We traveled back to Hue through torrential rains. In places the narrow mountain road had become almost completely washed out. Our driver deftly maneuvered our jeep along precipitous paths. Several hours later we were back in Hue. After two days the rain slackened. Thien came to me early one day in the office and said that we could try to go back into the forest. We had only had one week left on our government permit to survey the area and there was a good chance that we would be forced to turn back early again because of monsoon rains—but he would support me if we wanted to give it a try. I did. Despite the still dangerous flooding and the mercurial monsoon weather I felt like we needed to attempt to finish the expedition. I kept thinking back to the tantalizing glimpse we had gotten the previous week: a glimpse of a remote jungle hideaway that still teemed with wildlife. We had to try to get back. Even a handful of leeches from this area could yield incredible results. I asked Thien to be ready to leave the following afternoon.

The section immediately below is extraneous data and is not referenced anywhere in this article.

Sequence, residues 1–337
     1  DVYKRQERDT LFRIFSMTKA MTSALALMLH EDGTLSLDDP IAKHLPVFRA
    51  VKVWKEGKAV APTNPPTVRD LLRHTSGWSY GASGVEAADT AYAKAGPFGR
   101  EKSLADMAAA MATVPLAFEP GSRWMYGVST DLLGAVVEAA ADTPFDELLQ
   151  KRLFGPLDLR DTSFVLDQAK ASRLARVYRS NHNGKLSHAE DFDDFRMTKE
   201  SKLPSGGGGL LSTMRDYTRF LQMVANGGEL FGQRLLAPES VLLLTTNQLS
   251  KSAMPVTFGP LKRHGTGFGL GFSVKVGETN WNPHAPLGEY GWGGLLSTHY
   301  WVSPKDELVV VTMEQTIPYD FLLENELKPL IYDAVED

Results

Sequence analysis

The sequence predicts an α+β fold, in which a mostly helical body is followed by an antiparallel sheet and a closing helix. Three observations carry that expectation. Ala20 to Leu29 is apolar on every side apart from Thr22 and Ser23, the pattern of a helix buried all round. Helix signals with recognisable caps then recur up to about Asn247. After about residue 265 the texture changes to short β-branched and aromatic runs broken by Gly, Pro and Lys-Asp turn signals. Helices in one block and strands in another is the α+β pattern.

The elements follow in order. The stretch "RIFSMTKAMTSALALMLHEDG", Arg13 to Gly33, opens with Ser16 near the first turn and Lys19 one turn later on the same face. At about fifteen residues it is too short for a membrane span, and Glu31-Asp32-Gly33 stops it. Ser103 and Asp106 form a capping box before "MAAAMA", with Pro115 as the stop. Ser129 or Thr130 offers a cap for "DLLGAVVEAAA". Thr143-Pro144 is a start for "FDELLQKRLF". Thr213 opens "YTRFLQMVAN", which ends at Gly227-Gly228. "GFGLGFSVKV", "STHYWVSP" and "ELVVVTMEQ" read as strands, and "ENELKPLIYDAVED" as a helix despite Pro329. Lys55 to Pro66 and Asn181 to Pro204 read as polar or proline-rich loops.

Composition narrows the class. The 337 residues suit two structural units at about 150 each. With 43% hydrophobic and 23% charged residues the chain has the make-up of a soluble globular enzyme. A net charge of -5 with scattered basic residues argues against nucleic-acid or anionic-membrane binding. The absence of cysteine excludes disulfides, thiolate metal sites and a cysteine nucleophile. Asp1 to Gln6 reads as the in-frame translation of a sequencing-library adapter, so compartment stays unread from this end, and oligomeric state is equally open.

Heavy rains pushed our trip back yet another day. At that point I feared that we were on a fool’s errand. I spent hours silently brooding. I hunkered down in a small café. My thoughts were as black as my coffee. Thien, I think, was worried, but wisely chose to let me be. It was some small consolation that there was nothing we could do to change the situation. You can’t control the weather. But at the end of the day I needed results: at some point excuses, no matter how valid, cease to matter. I felt disheartened and frustrated. But then the weather broke. Sunlight streamed through darkened clouds. How long would our luck hold? I didn’t know. But I did know that we needed to get back into the forest quickly and squeeze in what work we could while we had the chance. The following day we assembled our team and set off for the jungle. We decided to camp in an area north of where we had last surveyed. Topographical maps showed that this area had good forest. Also the local army patrols claimed to have seen Saola in the area within the past few months. As we hiked back into the jungle I remember feeling a renewed vigor. Yes, we only had a short time to work, and it was likely that our trip would be cut short again by dangerous weather conditions. But we were going to do everything in our power to finish strong. And I think that fighting spirit reverberated throughout our group.

Hiking back into the jungle
Hiking back into the jungle


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